Since my departure from Nairobi, I have received several updates about the children, and about my personal projects and how they are doing as time progresses. Three days after I arrived in Europe, the 100 chicks ordered from Kenchic the top breeder in the country arrived at the new chicken coop. They were quarenteened as they need to grow in a very hygenic and warm environment for the first few weeks of their lives. The chicks are now two weeks old and are all still alive and on the road to becoming layers for Spirit of Mercy Childrens Home. In hopes of providing the children with a sustainable food source and also in hopes of providing a small revenue stream for the orphanage.
The children are all doing well and are enjoying their new volunteers as they come and go. People ask me if they were sad to see me go, and my answer is never yes. These children don’t speak great english, so telling them your not coming back tomorrow is difficult. However if you are able to convey this message you have to understand that this is a process that they have all gone trough before. They have met countless volunteers over the years, they have seen them come and they have seen them go. At some point they have learnt not to get emotionally attached. Now im not saying that there weren’t kids that were special to me, and I know that they miss me. But life goes on, and hopefully their quailty of life increased by my presence and the things that I was able to accomplish.
All I can ask for now is that they remember me for the next time that we meet. And that I made a lasting difference.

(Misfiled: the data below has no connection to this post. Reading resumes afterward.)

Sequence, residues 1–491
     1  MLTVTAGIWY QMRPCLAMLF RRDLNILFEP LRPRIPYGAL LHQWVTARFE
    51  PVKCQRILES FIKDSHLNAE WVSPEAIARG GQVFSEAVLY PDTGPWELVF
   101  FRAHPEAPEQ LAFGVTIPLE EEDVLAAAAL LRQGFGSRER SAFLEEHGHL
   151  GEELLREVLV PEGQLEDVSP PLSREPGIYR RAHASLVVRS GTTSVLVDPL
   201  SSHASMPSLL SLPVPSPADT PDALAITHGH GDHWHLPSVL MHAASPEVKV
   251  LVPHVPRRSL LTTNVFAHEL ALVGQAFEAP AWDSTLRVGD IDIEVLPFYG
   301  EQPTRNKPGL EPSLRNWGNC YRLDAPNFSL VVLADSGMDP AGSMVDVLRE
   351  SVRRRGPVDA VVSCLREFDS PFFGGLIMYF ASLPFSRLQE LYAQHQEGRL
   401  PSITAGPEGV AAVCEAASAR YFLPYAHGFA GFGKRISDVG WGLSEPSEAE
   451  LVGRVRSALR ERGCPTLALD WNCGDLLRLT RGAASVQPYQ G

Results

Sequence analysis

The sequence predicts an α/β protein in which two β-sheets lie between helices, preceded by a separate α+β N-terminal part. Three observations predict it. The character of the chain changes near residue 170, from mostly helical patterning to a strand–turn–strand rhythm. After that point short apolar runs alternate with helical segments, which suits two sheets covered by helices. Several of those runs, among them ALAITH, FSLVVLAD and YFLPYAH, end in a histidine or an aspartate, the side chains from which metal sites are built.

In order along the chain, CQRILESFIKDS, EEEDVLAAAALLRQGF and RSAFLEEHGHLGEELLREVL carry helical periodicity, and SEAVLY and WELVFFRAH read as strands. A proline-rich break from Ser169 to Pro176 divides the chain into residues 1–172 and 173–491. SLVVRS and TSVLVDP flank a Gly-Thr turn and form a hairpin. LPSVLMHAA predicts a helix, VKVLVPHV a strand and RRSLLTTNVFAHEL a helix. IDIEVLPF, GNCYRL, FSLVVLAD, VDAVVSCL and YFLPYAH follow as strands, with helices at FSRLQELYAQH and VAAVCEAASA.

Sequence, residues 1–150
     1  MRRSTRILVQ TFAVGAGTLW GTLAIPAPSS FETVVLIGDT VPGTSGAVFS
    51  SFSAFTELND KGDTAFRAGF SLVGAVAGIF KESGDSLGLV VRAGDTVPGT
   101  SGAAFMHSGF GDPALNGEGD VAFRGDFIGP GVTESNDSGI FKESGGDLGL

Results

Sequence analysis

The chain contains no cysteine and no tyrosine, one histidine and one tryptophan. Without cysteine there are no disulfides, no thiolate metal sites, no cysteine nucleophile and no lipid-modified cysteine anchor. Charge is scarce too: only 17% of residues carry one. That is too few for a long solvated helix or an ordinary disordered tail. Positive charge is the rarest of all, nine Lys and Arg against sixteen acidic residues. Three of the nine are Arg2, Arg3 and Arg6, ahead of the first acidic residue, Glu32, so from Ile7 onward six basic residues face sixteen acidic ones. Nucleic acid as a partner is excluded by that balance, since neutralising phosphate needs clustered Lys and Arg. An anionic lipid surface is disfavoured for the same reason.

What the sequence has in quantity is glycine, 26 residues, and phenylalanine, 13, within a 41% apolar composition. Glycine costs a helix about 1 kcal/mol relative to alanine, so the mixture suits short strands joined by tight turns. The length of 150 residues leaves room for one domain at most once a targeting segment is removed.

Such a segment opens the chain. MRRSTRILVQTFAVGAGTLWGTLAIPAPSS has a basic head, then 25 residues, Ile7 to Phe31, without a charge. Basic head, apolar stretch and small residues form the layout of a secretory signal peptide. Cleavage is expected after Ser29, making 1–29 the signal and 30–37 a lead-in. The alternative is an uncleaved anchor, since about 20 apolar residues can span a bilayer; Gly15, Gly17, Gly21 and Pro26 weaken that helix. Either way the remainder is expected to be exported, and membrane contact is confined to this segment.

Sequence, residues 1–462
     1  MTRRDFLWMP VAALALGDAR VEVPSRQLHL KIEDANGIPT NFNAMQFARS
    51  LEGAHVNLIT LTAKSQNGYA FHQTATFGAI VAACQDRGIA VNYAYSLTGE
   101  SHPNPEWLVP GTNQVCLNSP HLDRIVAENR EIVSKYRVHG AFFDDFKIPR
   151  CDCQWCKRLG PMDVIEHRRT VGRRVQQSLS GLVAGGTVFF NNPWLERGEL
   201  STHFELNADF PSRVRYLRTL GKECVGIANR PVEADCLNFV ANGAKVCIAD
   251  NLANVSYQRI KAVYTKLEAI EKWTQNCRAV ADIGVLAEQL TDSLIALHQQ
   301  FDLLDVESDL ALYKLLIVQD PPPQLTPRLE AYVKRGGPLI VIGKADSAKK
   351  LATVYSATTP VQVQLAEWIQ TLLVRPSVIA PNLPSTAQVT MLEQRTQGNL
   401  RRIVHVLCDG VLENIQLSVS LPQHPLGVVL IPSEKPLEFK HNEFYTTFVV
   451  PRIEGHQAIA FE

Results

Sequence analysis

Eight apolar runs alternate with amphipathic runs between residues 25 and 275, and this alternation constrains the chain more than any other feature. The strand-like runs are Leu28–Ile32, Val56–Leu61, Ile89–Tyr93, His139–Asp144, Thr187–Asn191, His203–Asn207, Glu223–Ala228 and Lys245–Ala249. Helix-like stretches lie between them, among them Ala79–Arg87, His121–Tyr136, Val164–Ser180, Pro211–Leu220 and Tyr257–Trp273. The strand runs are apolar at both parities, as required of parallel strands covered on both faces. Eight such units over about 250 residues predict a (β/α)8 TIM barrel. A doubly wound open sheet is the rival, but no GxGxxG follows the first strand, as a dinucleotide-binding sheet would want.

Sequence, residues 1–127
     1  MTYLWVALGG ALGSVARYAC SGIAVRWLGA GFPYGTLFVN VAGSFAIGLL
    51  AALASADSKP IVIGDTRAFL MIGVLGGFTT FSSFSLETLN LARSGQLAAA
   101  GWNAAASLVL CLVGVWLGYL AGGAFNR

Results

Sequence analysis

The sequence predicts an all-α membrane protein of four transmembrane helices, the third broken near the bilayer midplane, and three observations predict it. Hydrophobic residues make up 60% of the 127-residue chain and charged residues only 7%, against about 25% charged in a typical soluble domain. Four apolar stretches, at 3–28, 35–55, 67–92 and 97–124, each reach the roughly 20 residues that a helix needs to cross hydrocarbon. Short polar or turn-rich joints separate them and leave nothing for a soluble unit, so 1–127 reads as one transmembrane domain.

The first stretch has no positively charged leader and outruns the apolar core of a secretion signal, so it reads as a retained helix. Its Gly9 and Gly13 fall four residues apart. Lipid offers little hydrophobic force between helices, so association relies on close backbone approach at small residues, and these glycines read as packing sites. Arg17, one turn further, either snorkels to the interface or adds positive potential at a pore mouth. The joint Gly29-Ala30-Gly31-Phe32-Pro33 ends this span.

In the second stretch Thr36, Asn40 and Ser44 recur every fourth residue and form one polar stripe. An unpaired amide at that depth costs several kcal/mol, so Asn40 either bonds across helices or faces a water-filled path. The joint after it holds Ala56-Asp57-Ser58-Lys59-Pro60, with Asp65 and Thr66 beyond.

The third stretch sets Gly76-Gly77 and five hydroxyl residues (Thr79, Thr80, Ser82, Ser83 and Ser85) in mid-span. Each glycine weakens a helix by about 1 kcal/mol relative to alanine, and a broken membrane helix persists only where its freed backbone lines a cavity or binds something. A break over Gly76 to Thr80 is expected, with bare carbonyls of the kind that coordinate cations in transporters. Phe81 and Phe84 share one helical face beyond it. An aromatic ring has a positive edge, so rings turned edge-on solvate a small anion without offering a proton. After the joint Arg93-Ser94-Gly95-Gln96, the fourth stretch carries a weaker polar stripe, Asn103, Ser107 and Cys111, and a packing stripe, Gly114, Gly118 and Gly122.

The chicken coop has been completed! It is chicken worthy, has all the things it needs such as lights and working doors. And I am very happy about how my project came out to be.
The last couple of days I have been working at the oprhanage with the kids, but also adding finishing touches to the chicken coop, doing the final cleaning, and painting of the sign for the chicken coop. The orphanage has decided to call the coop “Sky’s Coop for Spirit of Mercy Orphanage” and I’m very honoured by this. The sign should be finished by tomorrow.
I am slowly coming the the realization that I will only be here for another week, and it’s crazy to think that I started the adventure 5 weeks ago. And looking back I loved every bit of it! The people, the experiences, and the work at the orphanage was well worth it!
The chickens for the coop come next week and we have decided to purchase a couple week old layers, which will take about 4-5 months untill they start laying eggs. And Ihope that they will be able to be a valuable food source for the orphanage in the future!
I want to tell you all that I’m super appreciative for all the support, and hope everyone is doing well back home!
As I am typing this, I sit in an uber headed for Nairobi. The traffic today is horrendous, I am dirty because our water at the placement was shut off, and I have gotten blister on my hands! What can I say? It’s a labour of love! For the rest, all is well and I remain optimistic for whatever is to come.Today was a good day for the chicken coop; we started by adding supports to the structure in order to build the doors, and to start putting up the chicken wire. We started tearing down existing doors and windows, which will later be replaced with chicken wire for additional air circulation. I am very happy with the progression of my project and am ready for my weekend safari in the Maasai Mara. The chicken coop should be finished by tomorrow! All that’s left is to create the shelves for the chickens to lay their eggs, and of course to go out and buy some layers!
I hope everyone reading this is doing well, and thanks for staying up to date!
The second day of construction was also very successful. We started the second floor of the chicken coop and were able to finish it off by the end of the day! Tomorrow we hope to add the final touches, making the coop safe and habitable for the chickens. We need to construct some doors, close all of the holes with wire mesh, and patch up all of the holes in the metal structure.